High speed internet and a boom in investment saw South Korea’s game industry explode into a multi billion dollar industry, but now the titans behind the country’s gaming unicorns are turning their attention to a new challenge: digital parenting.
Among the 10 South Korean unicorns in 2014, 40% of them were game companies, mostly founded in early 2000s, including Nexon, SmileGate, Com2US and NCSOFT. The game developers who used to work in these game companies now are married with kids, and are using gamification to tackle early learning.
Math Game For Kids With Special Needs
When the child of a former NCSOFT developer and designer couple was born, the baby had difficulty in hearing and eating with a high risk of developmental delay in the future.
“I wish I were a doctor, nurse or special educator. Ten years of experience I built in game industry seemed so useless,” said Sooinn Lee, CEO of Enuma said.
The couple then realized how gamification can assist in the development of kids with special needs, and turned their attention to the challenge.
The couple developed their first game ‘Write My Name’, which went viral. It was voted as the top favorite app for kids in the special need community and was awarded the parents’ choice gold medal in 2011. Then they founded Enuma, to develop learning apps designed specifically for kids with special needs. The company now develops Todo Math, for kindergarten to early elementary school students.
The games looks the similar to other games, however Enuma’s games are aimed at increasing the engagement time for kids who may have trouble staying focussed.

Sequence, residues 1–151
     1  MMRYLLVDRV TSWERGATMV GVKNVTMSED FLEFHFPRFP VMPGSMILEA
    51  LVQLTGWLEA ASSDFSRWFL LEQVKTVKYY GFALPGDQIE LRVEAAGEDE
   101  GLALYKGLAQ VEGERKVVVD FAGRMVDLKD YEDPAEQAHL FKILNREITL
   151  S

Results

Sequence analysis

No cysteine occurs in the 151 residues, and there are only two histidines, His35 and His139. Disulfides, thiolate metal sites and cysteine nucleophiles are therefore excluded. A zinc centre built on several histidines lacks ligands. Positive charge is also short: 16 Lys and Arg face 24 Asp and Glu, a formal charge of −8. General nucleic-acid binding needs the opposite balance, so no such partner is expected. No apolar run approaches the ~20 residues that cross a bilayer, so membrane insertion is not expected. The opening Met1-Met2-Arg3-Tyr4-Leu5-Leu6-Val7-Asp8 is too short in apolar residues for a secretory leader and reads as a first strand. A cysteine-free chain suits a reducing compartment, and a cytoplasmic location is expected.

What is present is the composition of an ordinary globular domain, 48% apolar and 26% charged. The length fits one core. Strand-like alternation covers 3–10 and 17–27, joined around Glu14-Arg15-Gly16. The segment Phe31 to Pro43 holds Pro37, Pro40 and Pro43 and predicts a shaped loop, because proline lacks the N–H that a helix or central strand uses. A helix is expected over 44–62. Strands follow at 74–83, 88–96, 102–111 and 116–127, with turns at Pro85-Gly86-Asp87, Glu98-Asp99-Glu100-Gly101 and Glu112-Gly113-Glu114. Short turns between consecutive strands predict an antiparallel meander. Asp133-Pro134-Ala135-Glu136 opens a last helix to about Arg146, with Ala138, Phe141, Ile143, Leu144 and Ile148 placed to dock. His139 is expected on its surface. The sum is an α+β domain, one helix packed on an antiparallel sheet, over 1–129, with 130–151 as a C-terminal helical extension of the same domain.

“Learning is a repetitive process. If a child needs to count numbers or write down an answer, we make it more interactive and keep praising the child on the progress,” Gunho Lee, CTO of Enuma told TechNode.
Enuma raised a $3.7 million USD investment led by TAL education group in China and South Korea’s SoftBank Ventures, followed by its existing US investors, K9 Ventures, Newschools Venture Fund, Kapor Capital, D3Jubilee.
“I was surprised to see that some of Chinese parents were using our app for the early education of their children,” Mr. Lee says. “There are some parts in China that don’t have educational infrastructure but have phones to access educational apps. We want to help children from difficult social, economic background and those have require special needs to have universal access to education.”
Children’s Books Turning Into Education Apps
The CEO of Smartstudy, Minseok Kim, previously worked in Nexon, one of South Korea’s gaming unicorns.
“I started to realize the importance of child education, and thought of making games for children. In the company, a lot of our team members are previous game developers from Nexon or NCsoft who are now dads,” says Mr. Kim. Many of the content creators at SmartStudy hail from children’s book publishing.
The Seoul-based child education app company has been welcomed by Chinese internet companies. The company’s seven ‘PINKFONG’ education apps are now within the Xiaomi, Baidu and Qihoo app stores, and were top ranked in the Xiaomi app store’s education category. Recently, the company reached an agreement with Xiaomi to provide 450 pieces of child education content on its own channel for Xiaomi’s Mi TV and Mi Box.
“Many of our apps are made based on chant melodies. I think it’s one of the reasons why children like studying with our content so much,” Mr. Kim said. “Preschool education content can be expanded globally without so much localization. It’s when these kids go to school they start to learn about their country’s culture and history, which needs sophisticated localization.”
SmartStudy received an $8.6 million USD series A funding from KDB Capital and IBK Capital, and recorded $8 million USD in sales last year. Incubated in NEOPLY China last year, and supported by Born2Global, the company recently opened a Shanghai office.
Image Credit: Enuma, SmartStudy